Another day, another peak, you just gotta luv it! Thanks for joining my Peak Bagging Buddy Keith Christensen and I as we were “Pursuing Balance Through Adventure“ on Griffith Peak. We have yet another peak to take on- all part of our Peak Bagging 3 Day Adventure as we restore some balance in our lives, just what PBTA is all about. Don’t miss the next exciting episode, and you won’t if you just FOLLOW, LIKE, COMMENT, and SHARE. Got Gear? See SHOP APPAREL . Want other places to explore? See the menu above for the many locations PBTA travels to, each is a separate site and thus needs to be followed independently. If these past couple posts have PEAKED your interested checkout the link in the menu above for my PEAK BAGGING accomplishments, and if you really want to be impressed than look on that site for my “Buddies” and click on Keith Christensen.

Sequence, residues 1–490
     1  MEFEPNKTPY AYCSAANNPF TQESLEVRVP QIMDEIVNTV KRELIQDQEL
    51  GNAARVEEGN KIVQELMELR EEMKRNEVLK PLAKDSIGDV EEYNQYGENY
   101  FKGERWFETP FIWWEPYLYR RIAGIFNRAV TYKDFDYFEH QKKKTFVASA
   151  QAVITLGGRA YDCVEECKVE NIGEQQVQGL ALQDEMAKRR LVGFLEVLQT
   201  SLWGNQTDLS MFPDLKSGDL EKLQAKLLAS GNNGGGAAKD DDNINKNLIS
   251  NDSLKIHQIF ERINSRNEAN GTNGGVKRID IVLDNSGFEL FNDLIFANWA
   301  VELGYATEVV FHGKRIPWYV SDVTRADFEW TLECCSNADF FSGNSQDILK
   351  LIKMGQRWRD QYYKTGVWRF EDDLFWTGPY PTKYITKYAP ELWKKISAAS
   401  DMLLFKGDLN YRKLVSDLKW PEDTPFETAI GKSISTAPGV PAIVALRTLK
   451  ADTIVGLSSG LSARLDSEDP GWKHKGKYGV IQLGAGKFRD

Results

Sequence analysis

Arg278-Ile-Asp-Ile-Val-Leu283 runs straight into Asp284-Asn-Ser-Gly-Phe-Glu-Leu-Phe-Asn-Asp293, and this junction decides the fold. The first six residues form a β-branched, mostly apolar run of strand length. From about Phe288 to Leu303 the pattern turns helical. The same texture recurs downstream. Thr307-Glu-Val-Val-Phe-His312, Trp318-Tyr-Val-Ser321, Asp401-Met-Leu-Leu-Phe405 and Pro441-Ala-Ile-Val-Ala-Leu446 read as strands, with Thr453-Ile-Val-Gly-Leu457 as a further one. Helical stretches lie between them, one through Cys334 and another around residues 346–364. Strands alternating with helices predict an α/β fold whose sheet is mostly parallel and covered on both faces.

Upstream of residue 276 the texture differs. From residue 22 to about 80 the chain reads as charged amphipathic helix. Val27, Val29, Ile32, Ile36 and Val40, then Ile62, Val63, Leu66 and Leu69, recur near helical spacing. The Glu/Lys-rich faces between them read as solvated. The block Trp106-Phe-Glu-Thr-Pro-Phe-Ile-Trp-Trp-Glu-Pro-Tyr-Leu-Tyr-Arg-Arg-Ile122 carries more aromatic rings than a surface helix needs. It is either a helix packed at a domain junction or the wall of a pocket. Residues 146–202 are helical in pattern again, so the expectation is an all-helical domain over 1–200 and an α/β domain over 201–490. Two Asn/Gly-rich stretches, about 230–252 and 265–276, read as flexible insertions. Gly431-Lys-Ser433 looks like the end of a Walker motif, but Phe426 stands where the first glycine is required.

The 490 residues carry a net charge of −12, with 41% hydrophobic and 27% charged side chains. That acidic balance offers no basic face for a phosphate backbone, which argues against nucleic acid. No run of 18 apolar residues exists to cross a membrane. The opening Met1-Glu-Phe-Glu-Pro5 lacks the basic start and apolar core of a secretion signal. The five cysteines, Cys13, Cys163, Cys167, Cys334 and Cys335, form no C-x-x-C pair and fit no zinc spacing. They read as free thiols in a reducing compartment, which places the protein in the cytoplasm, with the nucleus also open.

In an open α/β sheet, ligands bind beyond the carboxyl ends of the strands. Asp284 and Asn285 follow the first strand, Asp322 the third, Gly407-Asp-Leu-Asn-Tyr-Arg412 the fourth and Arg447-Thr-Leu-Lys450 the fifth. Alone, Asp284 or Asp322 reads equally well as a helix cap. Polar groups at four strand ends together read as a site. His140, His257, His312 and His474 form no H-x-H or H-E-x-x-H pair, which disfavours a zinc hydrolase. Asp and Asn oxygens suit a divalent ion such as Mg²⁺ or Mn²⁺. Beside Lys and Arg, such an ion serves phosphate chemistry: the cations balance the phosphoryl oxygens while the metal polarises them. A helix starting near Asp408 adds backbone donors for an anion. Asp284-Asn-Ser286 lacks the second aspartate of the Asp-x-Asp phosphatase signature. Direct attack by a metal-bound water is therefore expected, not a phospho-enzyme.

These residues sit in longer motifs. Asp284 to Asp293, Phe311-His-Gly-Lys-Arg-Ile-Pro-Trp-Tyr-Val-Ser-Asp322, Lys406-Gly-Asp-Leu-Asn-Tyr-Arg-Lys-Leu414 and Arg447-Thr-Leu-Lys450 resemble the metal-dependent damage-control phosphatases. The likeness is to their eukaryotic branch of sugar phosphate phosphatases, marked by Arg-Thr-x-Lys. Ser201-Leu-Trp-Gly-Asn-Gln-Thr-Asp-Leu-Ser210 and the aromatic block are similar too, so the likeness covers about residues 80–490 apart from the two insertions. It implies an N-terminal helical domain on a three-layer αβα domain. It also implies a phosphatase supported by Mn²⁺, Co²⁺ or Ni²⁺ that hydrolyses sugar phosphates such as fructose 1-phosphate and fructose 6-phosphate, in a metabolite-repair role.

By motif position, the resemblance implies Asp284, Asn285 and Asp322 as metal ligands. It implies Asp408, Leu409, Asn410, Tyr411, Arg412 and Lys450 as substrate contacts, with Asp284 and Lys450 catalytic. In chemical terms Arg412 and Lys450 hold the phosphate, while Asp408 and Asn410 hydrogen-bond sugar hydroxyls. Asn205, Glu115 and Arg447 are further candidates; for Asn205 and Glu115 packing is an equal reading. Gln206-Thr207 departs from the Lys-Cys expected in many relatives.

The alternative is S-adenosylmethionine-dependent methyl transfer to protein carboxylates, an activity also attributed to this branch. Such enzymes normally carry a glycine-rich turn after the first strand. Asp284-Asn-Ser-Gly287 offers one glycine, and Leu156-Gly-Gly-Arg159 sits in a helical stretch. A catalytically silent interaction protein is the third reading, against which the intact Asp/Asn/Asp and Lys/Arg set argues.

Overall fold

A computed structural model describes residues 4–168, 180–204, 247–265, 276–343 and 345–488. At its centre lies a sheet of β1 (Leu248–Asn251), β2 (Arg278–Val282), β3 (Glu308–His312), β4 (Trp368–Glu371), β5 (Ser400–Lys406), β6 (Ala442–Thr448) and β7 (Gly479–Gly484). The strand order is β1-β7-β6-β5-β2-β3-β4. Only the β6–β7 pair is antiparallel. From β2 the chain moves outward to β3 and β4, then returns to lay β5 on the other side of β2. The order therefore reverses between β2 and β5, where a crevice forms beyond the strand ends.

Happy Trails,

Roger Jenkins, Pursuing Balance Through Adventure

Peak Bagging Arrow Canyon

Near Las Vegas, lonely inhospitable mountain peak out in the middle of the frick’n desert…

Activity: Peak Bagging, Trail Blazing,

Date: November 13, 2019

Distance: 6.5 miles, altitude: 5,226 feet, Prominence: 2,426 feet, 7 hour duration, rated Difficult

“If it doesn’t hurt, it’s not worth it.” – Keith Christensen, Mountaineer. Arrow Canyon Range High Point is for Peak Baggers, its hard, its suppose to be, thats the point.

In Las Vegas I met up with a friend Keith Christensen. He is a multi-titlest North American Hobie 16 Champion and Alter Cup Champion.  Most of my life I have been racing sailboats mostly small fast catamarans, Hobie Cats, but also Nacras, A-Cats, and Prindles. I have also done some big boat racing. I have numerous sailing championships two of which are National Titles, and I love sailing!  Keith and I have known each other via sailing for a long time.